I mean, for crying out loud, this is an episode where Callie and AJ get caught by police in a stolen car (in a misunderstanding), and yet neither that nor the kiss comes back to haunt Callie. I’m not saying the show should shame Callie for physical acts, only that her impulsive decisions should have consequences beyond getting grounded by Stef and Lena. This is a coming-of-age drama. And in a coming-of-drama, characters have to learn from their mistakes. But Callie keeps making the same mistakes because…well, she doesn’t have to suffer any long-term consequences over them. If that were the case, she’d have been dealt a hard blow for making out with Brandon in Season 2, but in that situation, it was Robert who was keeping her from getting adopted anyway. I love Callie as a character, largely because I love Maia Mitchell’s portrayal, and also because the Callie we have now is so much farther along in maturity than the Callie we first met. Yet she still has a very long way to go, especially when she’s so prone to making the same kinds of mistakes. Time and again. With that said, Callie does seem to recognize, at some level, that her actions have consequences, and that a serious change is necessary. It might take a while to see those changes go into effect, but the acknowledgment of her screw-ups at least feels like progress. And, again, Maia Mitchell is doing great work in a role that could easily be thankless. I’m interested to see where this story is going, even if I’m not in love with where it went this week.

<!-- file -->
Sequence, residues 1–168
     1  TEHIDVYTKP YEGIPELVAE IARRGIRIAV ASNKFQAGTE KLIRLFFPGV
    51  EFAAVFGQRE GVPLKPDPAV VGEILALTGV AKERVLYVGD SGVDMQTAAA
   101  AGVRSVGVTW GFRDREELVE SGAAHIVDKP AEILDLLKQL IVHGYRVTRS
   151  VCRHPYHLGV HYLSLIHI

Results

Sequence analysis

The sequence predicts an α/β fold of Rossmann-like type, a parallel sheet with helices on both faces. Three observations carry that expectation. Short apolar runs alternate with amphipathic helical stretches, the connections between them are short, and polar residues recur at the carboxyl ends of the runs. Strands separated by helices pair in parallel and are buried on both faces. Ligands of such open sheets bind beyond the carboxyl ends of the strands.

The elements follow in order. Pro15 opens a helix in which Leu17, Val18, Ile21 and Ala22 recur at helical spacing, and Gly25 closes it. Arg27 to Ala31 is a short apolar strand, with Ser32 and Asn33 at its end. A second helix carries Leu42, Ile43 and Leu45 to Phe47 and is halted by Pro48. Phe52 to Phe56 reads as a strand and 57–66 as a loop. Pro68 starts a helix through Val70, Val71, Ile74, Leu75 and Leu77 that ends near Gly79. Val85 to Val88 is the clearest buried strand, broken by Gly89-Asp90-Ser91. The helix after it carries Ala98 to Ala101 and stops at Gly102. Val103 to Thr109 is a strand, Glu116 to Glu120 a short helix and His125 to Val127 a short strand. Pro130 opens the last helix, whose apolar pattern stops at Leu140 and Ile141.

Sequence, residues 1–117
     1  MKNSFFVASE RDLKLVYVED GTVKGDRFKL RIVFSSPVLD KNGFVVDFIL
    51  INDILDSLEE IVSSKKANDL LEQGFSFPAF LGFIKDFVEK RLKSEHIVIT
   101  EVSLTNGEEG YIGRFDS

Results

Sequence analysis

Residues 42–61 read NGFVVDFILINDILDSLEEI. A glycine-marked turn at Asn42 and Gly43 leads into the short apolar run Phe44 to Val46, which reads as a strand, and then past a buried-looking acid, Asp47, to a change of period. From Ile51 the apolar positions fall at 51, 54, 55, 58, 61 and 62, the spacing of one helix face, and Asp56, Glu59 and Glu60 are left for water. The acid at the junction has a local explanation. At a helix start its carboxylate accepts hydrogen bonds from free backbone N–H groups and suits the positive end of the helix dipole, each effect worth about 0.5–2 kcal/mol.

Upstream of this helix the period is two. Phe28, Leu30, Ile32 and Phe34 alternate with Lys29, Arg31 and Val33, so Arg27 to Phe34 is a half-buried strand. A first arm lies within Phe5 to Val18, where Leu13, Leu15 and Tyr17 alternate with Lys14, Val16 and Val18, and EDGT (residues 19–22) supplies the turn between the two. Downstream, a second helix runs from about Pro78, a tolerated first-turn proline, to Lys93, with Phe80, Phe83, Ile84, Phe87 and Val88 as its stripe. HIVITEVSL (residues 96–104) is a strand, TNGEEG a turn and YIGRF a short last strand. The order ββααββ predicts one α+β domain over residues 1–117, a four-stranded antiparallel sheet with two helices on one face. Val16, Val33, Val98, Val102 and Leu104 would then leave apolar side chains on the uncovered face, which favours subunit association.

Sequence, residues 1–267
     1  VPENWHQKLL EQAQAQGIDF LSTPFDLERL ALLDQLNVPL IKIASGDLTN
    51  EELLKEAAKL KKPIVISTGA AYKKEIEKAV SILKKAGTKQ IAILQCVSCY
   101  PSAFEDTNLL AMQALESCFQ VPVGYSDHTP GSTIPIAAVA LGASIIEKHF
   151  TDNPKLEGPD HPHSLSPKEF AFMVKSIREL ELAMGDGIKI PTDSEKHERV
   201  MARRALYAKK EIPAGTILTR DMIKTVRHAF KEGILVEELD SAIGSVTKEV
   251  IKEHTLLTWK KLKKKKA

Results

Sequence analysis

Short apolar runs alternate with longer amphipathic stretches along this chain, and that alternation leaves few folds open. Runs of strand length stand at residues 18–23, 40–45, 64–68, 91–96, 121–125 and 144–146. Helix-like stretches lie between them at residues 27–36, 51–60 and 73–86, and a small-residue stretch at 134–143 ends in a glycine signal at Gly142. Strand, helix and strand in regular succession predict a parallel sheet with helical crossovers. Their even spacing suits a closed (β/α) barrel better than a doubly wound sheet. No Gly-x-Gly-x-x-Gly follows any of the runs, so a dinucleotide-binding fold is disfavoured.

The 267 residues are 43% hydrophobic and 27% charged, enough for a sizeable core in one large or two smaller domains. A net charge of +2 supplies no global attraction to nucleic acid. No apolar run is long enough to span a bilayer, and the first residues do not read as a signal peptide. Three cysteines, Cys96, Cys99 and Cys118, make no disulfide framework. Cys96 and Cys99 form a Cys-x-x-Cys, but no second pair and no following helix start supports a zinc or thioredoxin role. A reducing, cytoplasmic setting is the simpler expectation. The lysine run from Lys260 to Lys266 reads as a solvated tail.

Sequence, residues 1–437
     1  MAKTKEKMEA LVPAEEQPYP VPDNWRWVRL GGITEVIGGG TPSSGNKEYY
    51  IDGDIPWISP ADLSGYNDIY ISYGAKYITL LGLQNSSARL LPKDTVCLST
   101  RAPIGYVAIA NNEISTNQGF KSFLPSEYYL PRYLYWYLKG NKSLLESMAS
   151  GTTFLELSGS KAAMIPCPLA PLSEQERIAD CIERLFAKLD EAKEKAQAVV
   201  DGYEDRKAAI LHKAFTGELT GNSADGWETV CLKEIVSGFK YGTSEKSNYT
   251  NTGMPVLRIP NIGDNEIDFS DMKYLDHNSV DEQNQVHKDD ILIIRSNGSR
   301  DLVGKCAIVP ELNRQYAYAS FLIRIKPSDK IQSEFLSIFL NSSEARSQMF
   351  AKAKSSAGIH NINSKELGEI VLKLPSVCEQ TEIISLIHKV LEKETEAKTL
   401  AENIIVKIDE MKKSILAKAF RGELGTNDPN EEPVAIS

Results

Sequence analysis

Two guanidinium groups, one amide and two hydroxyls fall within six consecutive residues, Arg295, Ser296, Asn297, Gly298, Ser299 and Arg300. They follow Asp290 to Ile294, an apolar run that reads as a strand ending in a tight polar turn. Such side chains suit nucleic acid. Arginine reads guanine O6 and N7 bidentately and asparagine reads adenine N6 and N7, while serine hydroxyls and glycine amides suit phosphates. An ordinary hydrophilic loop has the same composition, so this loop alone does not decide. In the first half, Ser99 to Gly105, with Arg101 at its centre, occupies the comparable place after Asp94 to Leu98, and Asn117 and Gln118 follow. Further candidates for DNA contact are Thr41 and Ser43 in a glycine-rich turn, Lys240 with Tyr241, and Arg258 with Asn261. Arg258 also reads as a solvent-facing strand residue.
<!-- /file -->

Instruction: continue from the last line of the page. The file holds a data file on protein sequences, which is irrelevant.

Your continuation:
But, once again, the best parts of this week’s episode have nothing to do with the Callie/AJ storyline. Instead, it focuses on the complexity of the family relationships at the heart of the show. Of particular interest is the issue surrounding Mariana (Cierra Ramirez), since the layers go much deeper than questions of right or wrong. In short, Mariana wants to be Isabella’s godmother, but in order for that to happen, she’ll need to be baptized. This is all well and good, except that those beliefs are incompatible with the people Mariana loves. On the one hand, Mariana wants to be Isabella’s godmother; on the other hand, she simply cannot abide the priest declaring her mothers sinners simply for daring to love each other while having the same gender. It’s a very realistic conflict, and one of the more natural issues a character has faced this season, as this is the type of dilemma Mariana would face as someone caught between two very different kinds of families (the traditional family of her grandparents, and the modern family of Stef/Lena). Ultimately, she must determine where her loyalties lie, and that ends up being a choice that puts her squarely with Stef and Lena, who’ve loved her and provided for her when no one else would. And, naturally, this ends up looping back around to the other big development of the episode, as Ana (Alexandra Barreto) appears at Stef and Lena’s door to express her regret for not allowing them to adopt Isabella in the first place. Ana declares she feels no attachment to the baby, and more or less states it was a mistake to keep her.